The first study will evaluate AB928 in third-line metastatic colorectal cancer. It will have two combination arms, the first AB928 and Roche’s Tecentriq (atezolizumab) and Bayer’s Stivarga (regorafenib), and the second, Stivarga and Tecentriq, all compared to Stivarga monotherapy.
The second trial will be in first-line metastatic pancreatic cancer. It will evaluate the combination of AB928 and Tecentriq and gemcitabine/nab-paclitaxel, a chemotherapeutic, compared to gemcitabine/nab-paclitaxel alone.
AB928 is a dual antagonist of adenosine receptors A2aR and A2bR. It is designed to block the immunosuppressive and cancer cell effects of adenosine.
“We are thrilled to collaborate with Genentech to expeditiously develop the broad potential of AB928 across settings and combinations where blocking the immunosuppressive role of adenosine may be critical,” said Bill Grossman, Arcus’ chief medical officer.
Grossman added, “This collaboration represents a shared commitment from Arcus and Genentech to maximize the potential of innovative combination treatment approaches, based on a deep knowledge of the underlying cancer biology, to address significant unmet needs.”
Specific finances were not disclosed. Each company is supplying its cancer drug and they are jointly funding the trials.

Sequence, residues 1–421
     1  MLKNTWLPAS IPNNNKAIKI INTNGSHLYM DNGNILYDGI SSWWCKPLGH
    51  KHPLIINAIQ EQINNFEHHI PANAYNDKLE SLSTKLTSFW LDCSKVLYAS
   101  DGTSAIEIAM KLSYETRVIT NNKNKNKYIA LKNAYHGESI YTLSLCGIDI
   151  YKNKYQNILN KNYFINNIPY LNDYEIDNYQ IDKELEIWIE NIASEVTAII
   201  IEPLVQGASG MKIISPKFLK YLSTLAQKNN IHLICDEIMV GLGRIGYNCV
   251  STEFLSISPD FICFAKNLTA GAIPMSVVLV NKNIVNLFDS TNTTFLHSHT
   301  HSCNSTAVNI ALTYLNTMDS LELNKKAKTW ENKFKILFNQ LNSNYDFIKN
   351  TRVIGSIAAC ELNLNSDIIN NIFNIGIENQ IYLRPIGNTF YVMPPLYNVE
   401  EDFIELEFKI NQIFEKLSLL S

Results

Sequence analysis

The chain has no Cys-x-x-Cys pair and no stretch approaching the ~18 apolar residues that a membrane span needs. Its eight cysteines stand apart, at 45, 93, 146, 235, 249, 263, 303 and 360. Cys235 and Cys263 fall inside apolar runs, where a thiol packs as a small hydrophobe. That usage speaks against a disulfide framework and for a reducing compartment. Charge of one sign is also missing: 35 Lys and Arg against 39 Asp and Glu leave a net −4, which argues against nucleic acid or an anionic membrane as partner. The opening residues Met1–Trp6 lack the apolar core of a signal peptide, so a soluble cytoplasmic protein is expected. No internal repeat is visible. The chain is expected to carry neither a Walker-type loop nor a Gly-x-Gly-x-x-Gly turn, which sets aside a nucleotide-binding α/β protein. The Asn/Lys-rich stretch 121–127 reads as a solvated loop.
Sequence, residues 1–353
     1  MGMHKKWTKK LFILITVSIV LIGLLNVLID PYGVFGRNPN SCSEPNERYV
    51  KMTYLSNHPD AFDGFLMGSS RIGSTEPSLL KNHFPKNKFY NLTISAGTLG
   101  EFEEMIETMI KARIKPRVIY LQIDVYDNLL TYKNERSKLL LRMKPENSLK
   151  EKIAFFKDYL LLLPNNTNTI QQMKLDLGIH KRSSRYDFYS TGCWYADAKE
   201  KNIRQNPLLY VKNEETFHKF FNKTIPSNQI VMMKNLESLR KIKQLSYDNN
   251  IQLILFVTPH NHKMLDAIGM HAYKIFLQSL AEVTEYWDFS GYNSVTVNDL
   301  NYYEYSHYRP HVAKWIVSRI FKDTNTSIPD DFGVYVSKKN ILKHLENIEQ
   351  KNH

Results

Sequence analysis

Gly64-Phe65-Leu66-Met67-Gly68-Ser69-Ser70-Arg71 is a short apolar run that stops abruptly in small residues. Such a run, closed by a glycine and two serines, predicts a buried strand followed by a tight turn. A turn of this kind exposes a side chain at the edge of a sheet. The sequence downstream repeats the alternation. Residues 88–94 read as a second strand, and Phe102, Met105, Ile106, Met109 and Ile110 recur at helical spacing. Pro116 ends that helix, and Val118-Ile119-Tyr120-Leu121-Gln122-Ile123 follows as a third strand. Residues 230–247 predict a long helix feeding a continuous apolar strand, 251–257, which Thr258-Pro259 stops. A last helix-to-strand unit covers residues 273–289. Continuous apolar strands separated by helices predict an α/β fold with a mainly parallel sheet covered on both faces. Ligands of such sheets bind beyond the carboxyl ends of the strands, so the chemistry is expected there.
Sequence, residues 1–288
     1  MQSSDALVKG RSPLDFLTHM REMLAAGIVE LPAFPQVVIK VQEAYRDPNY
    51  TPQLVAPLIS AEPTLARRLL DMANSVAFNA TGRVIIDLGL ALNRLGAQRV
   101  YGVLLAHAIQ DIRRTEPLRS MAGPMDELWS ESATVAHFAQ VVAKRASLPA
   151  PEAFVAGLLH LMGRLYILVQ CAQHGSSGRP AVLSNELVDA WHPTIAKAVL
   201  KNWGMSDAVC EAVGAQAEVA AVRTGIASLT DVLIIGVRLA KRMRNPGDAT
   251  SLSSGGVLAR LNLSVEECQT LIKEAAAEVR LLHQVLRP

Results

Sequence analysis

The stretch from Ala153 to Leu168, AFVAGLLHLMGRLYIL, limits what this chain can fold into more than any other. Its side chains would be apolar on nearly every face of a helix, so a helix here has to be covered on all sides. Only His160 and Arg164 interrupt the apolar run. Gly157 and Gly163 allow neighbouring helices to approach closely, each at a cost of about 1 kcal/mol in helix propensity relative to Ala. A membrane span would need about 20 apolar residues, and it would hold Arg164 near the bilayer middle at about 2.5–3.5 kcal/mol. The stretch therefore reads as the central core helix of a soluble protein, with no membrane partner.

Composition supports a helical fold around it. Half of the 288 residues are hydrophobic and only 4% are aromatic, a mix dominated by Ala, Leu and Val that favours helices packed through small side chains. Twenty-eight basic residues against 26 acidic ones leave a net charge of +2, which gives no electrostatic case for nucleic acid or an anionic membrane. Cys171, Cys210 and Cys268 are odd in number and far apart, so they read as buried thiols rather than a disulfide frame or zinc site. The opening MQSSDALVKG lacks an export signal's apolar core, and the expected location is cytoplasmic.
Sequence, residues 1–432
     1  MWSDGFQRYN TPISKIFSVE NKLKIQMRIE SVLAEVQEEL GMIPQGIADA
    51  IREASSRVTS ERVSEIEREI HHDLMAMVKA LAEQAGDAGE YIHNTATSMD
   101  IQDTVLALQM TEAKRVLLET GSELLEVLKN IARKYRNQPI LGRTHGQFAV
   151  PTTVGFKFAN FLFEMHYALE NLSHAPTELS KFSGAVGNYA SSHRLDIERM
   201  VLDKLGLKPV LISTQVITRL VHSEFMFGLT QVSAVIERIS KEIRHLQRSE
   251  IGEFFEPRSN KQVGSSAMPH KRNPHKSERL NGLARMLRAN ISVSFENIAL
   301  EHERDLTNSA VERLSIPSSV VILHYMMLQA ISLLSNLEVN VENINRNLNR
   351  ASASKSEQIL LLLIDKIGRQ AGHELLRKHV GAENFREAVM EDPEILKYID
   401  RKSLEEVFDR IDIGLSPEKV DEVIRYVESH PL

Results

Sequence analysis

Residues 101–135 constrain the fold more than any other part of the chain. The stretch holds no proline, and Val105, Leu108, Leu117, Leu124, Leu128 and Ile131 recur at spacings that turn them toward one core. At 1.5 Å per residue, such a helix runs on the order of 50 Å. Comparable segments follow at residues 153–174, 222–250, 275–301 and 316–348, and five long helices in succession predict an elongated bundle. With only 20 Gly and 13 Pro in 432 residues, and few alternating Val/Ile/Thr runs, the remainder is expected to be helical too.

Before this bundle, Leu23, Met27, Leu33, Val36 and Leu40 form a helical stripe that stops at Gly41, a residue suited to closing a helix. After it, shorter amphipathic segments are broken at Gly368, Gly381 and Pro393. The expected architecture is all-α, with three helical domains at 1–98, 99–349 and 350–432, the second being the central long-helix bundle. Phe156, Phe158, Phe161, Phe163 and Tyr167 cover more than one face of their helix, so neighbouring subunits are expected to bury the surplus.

Arcus also announced the publication of the results of the Phase I trial of AB928 in healthy volunteers. The results were published in the journal Investigational New Drugs.
The study evaluated doses between 10 and 200 mg once a day and 100 mg twice a day and enrolled 85 patients. They were randomized 3:1. The drug was well tolerated up to the highest dose and did not demonstrate any physiologic parameters that might indicate sensitivity to adenosine inhibition. There were no safety concerns.
The company noted, “Adenosine is an immunosuppressive metabolite produced at high levels within the tumor microenvironment.”
The study authors wrote, “Clinical development continues with Phase I/Ib trials of AB928 in combination with other immunotherapy agents or chemotherapy in patients with breast or ovarian cancer, gastroesophageal or colorectal cancer, lung cancer, and advanced malignancies.”
Last week, Genentech announced Phase III results from a study of previously untreated BRAF V600 Mutation-positive advanced melanoma. The Phase III IMspire150 trial showed that Tecentriq with Cotellic (cobimetinib) and Zelboraf (vemurafenib) decreased the risk of disease worsening or death compared to placebo plus Cotellic and Zelboraf.
IMspire150 is a Phase III trial whose primary endpoint was investigator-assessed progression free survival (PFS). Key secondary endpoints included PFS by an independent review committee, overall survival, objective response rate, duration of response and various safety and pharmacokinetic data.
Tecentriq is being evaluated in more than 50 ongoing clinical trials, including multiple Phase III studies in lung, kidney, skin, breast, colorectal, prostate, ovarian, bladder, blood, liver and head and neck cancers.
“By combining a cancer immunotherapy with targeted therapies, we hope to offer a new approach that improves outcomes for people with advanced, BRAF-mutant melanoma,” said Levi Garraway, Genentech’s chief medical officer and head of Global Product Development. “We look forward to discussing the results with health authorities around the world.”